So where in cyberspace is the nuclear power community?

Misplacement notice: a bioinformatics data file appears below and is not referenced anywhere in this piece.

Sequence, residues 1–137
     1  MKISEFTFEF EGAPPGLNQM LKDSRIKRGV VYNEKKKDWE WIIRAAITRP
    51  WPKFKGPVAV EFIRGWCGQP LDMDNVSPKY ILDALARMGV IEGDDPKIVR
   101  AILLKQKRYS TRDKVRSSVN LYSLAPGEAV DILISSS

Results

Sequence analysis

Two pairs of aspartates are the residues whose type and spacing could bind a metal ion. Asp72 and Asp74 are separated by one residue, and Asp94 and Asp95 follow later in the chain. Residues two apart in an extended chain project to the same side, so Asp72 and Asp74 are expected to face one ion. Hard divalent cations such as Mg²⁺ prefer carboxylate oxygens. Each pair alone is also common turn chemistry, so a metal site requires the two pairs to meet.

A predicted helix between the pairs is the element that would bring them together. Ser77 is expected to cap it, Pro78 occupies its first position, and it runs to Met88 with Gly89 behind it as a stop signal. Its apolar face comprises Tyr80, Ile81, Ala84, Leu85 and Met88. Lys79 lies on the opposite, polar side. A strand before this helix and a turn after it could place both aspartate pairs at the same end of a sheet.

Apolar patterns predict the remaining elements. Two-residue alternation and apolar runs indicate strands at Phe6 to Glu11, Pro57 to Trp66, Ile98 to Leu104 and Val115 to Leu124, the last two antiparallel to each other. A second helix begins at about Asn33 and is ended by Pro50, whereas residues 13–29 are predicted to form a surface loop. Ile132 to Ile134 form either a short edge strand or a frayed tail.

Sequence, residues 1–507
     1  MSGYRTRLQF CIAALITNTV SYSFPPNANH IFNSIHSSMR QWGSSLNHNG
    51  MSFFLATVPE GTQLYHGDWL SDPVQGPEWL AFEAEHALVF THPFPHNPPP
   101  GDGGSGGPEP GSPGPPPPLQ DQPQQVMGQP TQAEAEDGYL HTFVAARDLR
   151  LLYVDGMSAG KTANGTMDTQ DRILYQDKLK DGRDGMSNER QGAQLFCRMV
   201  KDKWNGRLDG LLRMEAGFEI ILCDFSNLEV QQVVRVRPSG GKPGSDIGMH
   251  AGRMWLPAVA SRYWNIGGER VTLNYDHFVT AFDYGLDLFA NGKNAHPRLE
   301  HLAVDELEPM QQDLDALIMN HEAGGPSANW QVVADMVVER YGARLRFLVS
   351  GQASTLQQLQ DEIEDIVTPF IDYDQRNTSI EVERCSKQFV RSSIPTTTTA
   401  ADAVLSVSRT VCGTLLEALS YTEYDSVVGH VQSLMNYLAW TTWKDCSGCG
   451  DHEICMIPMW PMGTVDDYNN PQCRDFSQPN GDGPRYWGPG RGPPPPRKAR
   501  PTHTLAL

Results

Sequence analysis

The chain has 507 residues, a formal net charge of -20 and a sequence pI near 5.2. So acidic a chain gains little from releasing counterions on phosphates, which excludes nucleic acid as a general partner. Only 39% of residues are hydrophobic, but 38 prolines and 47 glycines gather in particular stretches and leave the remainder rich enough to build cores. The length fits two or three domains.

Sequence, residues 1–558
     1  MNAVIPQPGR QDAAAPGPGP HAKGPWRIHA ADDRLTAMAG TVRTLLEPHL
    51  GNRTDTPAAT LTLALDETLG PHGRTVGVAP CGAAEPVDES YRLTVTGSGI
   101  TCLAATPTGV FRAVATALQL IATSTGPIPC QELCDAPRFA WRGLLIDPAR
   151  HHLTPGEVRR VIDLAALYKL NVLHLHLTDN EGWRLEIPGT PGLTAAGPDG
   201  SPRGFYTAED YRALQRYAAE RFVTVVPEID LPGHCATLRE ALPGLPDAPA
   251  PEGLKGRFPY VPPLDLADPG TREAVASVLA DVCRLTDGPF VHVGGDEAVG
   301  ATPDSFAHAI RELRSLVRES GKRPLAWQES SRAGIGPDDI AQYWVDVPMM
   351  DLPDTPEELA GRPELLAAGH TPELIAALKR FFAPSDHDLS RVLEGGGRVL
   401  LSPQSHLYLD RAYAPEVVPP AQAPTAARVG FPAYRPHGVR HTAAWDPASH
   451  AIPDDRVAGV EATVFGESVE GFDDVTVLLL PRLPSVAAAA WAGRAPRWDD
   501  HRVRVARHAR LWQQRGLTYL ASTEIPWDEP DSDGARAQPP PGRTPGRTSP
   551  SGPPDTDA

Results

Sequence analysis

Where is the nuclear power community? It has been a year since Congressmen Bennie Thompson and James Langevin sent a letter to Chairman Klein of the NRC with a series of questions related to the Browns Ferry 3 Nuclear Plant Broadcast Storm incident. One of the questions was why the nuclear community was not working with the non-nuclear community since the non-nuclear community has much more experience with the same equipment than the nuclear community.  That question is certainly pertinent one year later. Over the past year, the non-nuclear community has held at least four major control system cyber security events that directly affected the control systems in nuclear power plants: PCSF, ISA POWID, Applied Control Solutions Control System Cyber Security Conference, and ISA Expo 2007. With the exception of one nuclear plant person at PCSF, three nuclear plant personnel and a representative from the NRC at the Control System Cyber Security Conference, the Nuclear Energy Institute (NEI) and the nuclear plant control system cyber security community were nowhere to be seen. Moreover, the nuclear industry has experienced another nuclear plant cyber incident since Browns Ferry. In a conversation this morning with the cognizant NEI representative, he agreed that NEI-0404 is only a programmatic document and does not get into the details of how to secure control systems. He then mentioned that Nuclear Information Technology Strategic Leadership (NITSL), which is primarily nuclear power IT personnel, are developing the policies and procedures to be used for control system cyber security. As part of the technical leadership of the EPRI Y2K Program, I had experience working with NITSL – it was very IT-oriented. ISA S99 has been developing control system cyber security policies. Yet there has been almost no participation from nuclear industry personnel (nuclear utilities, nuclear plant and equipment suppliers, nuclear plant Architect/Engineers, NEI, NITSL, and NRC) in this process. I am told how serious the Chief Nuclear Officers believe cyber security is for their plants. Somehow, their actions, or lack thereof, belie this concern. Joe Weiss

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